Photonic Metamaterial

Photonic Metamaterial

A photonic metamaterial (PM), also known as an optical metamaterial, is a type of electromagnetic metamaterial that interacts with light at wavelengths ranging from terahertz (THz) to infrared (IR) to visible. The materials have a cellular, periodic structure. Photonic metamaterials are synthetic materials with optical properties that are not found in natural materials. They are composed of subwavelength-sized structures, typically on the nanometer scale, that are designed to manipulate light propagation. Nanolithography, self-assembly, and 3D printing are among the techniques used to create these materials.

Photonic metamaterials are distinguished from photonic band gap or photonic crystal structures by their subwavelength periodicity. The cells are magnitudes larger than an atom but much smaller than the radiated wavelength, on the order of nanometers.

The structure of photonic metamaterials, rather than their composition, determines their unique properties. It is possible to control how light interacts with the material by carefully designing the size, shape, and orientation of the subwavelength structures. Some photonic metamaterials, for example, can have negative refractive indices, which means they refract light in the opposite direction as a normal material.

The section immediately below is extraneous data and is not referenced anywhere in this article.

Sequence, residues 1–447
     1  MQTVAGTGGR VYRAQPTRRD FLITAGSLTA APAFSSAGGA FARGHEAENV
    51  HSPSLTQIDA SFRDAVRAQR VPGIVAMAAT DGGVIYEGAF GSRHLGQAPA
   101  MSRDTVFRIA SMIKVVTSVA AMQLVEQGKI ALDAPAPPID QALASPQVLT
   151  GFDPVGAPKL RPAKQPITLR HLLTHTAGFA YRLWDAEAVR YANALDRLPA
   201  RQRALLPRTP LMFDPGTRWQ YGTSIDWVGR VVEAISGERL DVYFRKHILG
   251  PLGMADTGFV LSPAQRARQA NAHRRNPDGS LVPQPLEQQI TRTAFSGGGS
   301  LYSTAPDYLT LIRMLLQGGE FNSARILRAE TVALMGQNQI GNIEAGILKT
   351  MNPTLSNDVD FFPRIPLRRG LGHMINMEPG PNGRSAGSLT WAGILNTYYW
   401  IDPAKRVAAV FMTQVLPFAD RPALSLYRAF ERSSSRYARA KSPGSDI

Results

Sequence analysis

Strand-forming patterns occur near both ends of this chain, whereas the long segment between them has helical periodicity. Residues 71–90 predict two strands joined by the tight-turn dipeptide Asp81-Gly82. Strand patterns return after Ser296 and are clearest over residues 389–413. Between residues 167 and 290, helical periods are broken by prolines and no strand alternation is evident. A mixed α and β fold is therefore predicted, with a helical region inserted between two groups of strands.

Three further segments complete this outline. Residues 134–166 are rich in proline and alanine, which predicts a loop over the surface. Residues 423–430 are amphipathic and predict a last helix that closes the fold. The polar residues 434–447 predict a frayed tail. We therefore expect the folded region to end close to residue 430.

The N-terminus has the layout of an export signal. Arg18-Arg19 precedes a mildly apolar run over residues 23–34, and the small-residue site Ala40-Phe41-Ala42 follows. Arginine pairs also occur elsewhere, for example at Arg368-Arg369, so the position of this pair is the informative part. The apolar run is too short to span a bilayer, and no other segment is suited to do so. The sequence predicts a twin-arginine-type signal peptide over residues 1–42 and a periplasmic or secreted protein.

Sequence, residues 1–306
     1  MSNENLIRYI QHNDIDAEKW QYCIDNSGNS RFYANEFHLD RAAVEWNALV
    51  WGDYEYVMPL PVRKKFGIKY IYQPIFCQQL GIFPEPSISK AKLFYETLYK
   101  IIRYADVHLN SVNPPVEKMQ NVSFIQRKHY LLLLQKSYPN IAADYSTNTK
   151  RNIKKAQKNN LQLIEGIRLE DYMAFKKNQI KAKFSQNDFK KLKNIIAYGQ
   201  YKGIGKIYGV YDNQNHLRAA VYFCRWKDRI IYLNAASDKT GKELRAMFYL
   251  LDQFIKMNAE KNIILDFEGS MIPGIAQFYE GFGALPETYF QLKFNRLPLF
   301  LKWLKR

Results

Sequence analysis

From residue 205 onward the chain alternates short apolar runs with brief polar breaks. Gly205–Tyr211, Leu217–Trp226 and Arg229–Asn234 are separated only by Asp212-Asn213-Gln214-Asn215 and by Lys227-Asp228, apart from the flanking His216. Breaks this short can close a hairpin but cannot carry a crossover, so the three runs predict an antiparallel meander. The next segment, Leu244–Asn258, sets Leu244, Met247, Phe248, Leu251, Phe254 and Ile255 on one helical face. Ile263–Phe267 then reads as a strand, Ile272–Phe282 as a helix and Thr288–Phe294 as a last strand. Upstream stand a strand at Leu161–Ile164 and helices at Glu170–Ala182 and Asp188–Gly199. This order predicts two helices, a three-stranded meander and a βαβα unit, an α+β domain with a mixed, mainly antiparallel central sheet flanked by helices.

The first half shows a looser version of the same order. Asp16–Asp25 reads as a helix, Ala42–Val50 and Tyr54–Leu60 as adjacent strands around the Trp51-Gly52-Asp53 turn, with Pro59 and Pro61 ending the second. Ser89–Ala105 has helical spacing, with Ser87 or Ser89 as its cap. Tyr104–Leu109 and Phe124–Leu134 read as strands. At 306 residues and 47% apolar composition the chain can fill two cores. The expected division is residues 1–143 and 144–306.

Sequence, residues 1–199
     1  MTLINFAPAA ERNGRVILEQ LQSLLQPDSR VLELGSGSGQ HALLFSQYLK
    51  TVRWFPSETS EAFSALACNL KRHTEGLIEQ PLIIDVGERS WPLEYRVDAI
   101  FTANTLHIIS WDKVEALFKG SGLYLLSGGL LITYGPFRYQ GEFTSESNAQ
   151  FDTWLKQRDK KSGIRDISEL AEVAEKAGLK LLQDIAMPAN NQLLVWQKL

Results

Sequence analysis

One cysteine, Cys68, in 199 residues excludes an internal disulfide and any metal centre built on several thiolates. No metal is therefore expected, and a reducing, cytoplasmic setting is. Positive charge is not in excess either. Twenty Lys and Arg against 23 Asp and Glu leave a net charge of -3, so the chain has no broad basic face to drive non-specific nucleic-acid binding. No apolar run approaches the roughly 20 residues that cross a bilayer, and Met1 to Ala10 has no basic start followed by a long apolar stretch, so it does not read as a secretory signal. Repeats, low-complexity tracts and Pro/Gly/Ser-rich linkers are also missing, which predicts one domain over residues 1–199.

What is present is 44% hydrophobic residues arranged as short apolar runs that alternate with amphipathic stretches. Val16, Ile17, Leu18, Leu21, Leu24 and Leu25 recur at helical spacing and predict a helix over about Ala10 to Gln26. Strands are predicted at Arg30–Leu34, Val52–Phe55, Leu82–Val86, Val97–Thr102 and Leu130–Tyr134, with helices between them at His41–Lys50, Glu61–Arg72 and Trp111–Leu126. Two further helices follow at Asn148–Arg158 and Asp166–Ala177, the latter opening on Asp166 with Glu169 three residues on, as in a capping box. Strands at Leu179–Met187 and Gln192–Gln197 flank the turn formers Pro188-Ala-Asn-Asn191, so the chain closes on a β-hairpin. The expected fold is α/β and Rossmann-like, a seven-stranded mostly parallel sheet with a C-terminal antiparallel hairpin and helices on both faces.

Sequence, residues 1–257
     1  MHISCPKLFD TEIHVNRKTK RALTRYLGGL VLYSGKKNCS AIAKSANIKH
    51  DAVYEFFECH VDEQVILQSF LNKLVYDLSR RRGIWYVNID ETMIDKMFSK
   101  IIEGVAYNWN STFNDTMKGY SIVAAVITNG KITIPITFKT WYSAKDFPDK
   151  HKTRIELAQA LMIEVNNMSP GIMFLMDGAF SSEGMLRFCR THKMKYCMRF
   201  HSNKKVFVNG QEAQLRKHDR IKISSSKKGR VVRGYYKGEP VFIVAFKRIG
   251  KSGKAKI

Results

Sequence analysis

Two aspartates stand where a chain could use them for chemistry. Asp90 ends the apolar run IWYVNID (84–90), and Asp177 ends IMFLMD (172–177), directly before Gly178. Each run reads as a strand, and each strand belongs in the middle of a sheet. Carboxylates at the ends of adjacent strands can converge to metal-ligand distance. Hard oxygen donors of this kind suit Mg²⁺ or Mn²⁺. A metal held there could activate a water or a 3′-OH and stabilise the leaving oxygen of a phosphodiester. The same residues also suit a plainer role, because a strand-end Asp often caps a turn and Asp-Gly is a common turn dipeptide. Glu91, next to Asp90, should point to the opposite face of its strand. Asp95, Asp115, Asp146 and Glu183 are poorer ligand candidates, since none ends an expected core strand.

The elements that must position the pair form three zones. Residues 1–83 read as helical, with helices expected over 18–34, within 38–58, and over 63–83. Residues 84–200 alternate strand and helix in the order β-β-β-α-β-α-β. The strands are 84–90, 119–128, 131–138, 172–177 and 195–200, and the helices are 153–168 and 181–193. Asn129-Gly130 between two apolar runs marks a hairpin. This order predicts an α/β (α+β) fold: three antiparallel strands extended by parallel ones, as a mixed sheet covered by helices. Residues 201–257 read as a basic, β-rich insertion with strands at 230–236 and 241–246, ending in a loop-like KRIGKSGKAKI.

Atoms determine the response to electric and magnetic fields, and thus to light, in a conventional material. In metamaterials, cells act as atoms in a homogeneous material at scales larger than the cells, resulting in an effective medium model. At high frequencies, some photonic metamaterials exhibit magnetism, resulting in strong magnetic coupling. In the optical range, this can result in a negative index of refraction.

Cloaking and transformation optics are two potential applications. Photonic crystals differ from PM in that their scattering elements are larger and more periodic, on the order of the wavelength. Furthermore, because a photonic crystal is not homogeneous, it is impossible to define values of ε (permittivity) or u (permeability).


Photonic metamaterials have numerous potential applications, including imaging, sensing, and communications. They could, for example, be used to create superlenses capable of imaging objects at resolutions beyond the diffraction limit of conventional optics. They could also be used to create compact optical devices with high performance and low power consumption, such as waveguides and filters.